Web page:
SOMEWHERE OVER LOUISIANA --Dom Capers views it as an essential division win on the road. And the Texans' win at Tennessee was certainly that.
"I'm proud of the way our team went out and competed today," Capers said in the locker room after Houston's 20-10 victory over the Titans. "It's a good feeling to get the first win. I am proud of the way the guys played. They competed. They really made some key plays at key times."
Agreed. The Texans gutted out a tough road victory but playing the kind of hard-nosed football Capers covets. Houston picked off Titans quarterback Steve McNair four times and knocked Tennessee's best rusher, Chris Brown, out of the game. When the Titans took the lead for the first and only time, Houston's offense responded with a touchdown drive. In the fourth quarter, the Texans engineered a nine-play, 65-yard drive that put them up by 10 points and sucked the life out of the stadium.
But Capers probably doesn't get the full magnitude of this victory. Don't blame him – it's through no fault of his own. Capers arrived here in 2001 and his general philosophy dictates that he look forward, not back.
But Gary Walker gets it. The Texans defensive end started his career in Houston nine years ago as an Oiler. He arrived when the whispers of Oilers moving to Nashville first surfaced. He went through the lame-duck season of 1996 in the Astrodome. And he made the move to Music City in the summer of 1997, leaving Houston without pro football for the first time in 37 years.
"This is a special game for me," Walker said. "I was thanking all the guys coming in because this is a tough place to come and win."
Center Steve McKinney gets it. He grew up in Friendswood, racing back from church to catch Oilers games on Sundays. He never thought he'd get a chance to play in his hometown until the Texans arrived and he became their first free agent signing.
"All I've heard the last two years is beat the Titans," McKinney said. "We've done it."
Cornerback Aaron Glenn gets it. When most veterans would have despised seeing their name on an expansion list, Glenn viewed it as a chance for him to go home and end his career down the road from where it started, on the playgrounds of Humble.
On a third-year team with plenty of fresh faces, Walker, McKinney and Glenn are some of the few players who realize what this win means to the city of Houston. Many Texans don't even recall that the white helmets they saw Sunday sitting atop those Columbia blue jerseys once sported an oil derrick. Seven years is a virtual eternity for the 20-something crowd. When the Oilers moved to Tennessee, David Carr was getting ready for freshman orientation at Fresno State. Andre Johnson was a rising junior in high school.
We're not dismissing the merits of this win in the here and now. But indulge us a bit because, in a city that loves its football as much as Houston, this win was significant on levels far exceeding the playing field. The Oilers' departure was a difficult pill to swallow. Football is business, sure, but an NFL team is also akin to a community trust. People plan their Sundays around you and their Mondays are affected by whether you won or lost. They ride alongside you through the highs and lows. Losing that connection hurts. Ask Baltimore or Cleveland.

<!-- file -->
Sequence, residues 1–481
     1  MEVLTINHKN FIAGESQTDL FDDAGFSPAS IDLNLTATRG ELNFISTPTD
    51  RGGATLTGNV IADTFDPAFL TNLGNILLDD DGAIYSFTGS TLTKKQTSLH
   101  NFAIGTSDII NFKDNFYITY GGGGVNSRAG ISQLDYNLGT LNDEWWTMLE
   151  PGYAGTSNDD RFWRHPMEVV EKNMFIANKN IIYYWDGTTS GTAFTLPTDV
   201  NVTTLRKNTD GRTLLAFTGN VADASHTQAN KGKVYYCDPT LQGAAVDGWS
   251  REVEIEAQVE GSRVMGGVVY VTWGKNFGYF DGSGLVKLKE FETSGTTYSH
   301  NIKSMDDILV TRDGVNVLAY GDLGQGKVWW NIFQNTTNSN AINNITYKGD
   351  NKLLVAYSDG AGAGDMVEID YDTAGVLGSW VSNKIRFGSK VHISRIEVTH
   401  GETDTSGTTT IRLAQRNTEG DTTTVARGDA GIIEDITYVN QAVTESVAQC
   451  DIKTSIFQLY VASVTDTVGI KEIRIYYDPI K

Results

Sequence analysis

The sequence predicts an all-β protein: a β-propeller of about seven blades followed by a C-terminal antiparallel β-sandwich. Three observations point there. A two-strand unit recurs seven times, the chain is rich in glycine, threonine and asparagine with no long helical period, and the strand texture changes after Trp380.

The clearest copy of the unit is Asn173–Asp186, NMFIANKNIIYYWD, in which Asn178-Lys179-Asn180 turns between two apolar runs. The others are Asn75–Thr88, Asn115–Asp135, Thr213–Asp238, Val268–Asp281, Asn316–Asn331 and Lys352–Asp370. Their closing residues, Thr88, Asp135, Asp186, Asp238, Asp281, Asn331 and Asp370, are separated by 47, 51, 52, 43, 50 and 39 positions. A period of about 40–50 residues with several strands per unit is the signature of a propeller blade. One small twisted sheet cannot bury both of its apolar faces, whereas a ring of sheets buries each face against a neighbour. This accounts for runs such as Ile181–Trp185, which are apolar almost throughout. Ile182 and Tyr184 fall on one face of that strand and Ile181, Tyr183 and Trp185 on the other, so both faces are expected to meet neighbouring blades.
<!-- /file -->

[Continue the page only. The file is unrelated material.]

Then, lo and behold, two years later, the Titans advanced where no Oilers team had ever advanced – to the Super Bowl. It's as if the city's spouse had dumped it and re-married…to a multimillionaire.
But as we fly south back to Space City, the Texans, in just their third season, have a 3-3 record and are one game up in the standings on the Titans. Moreover, Tennessee is 0-3 in the AFC South and 0-3 at home. There's still a long way to go in the 2004 season, but tonight the future has to be brighter for Texans fans than their counterparts in the Volunteer State. Imagine *that *seven years ago.
So let's give out some game balls, shall we?
To David Carr, for shaking off two early turnovers to throw for 266 yards. To Jonathan Wells, for his gritty second-half performance that ended with a touchdown. To Andre Johnson, for repeatedly appearing like a man among boys in the open field. To Marcus Coleman, for sealing the win late with another interception.
To Bob McNair, for obvious reasons too lengthy to detail here. To Charley Casserly, for undertaking the massive assignment of building a team from scratch. To Capers, for surprising his peers by taking a *second *expansion coaching job, something nobody in any professional sport has done.
To A.J., Preston and the rest of the crew in the Blue Lot. To the Bull Pen. To the former Oilers season-ticket holders who are now proud Texans season-ticket holders. To Chris Lockridge and his son, Derrick. To Vinny and the rest of the message board fanatics.
To John McClain, who stood on the sidelines in Jacksonville when the Titans won the AFC title, stunned that the team he covered for so many years was actually going to the Super Bowl. Only they weren't the team he covered anymore. To Mickey Herskowitz, who has maybe seen more Oilers games than anyone and witnessed today's win in person.
To Ken Sparacino, the Oilers video director who moved to Nashville, only to get a chance to come home again with the Texans. To Marilan Logan, who spent 19 years with the Oilers before getting another chance with the Texans as their controller.
To the Astros, for putting the perfect exclamation point on a great day for a great sports city.
"You hear enough about it just being in Houston," Carr said. "This is definitely a big game for the Houston fans. I wanted to get this for our teams and our fans. We had to get this for them. Hopefully, they are cheering for us back home."
Hey, maybe the kid quarterback does get it. Houston, the Titans have finally been conquered. Now it's on to bigger things.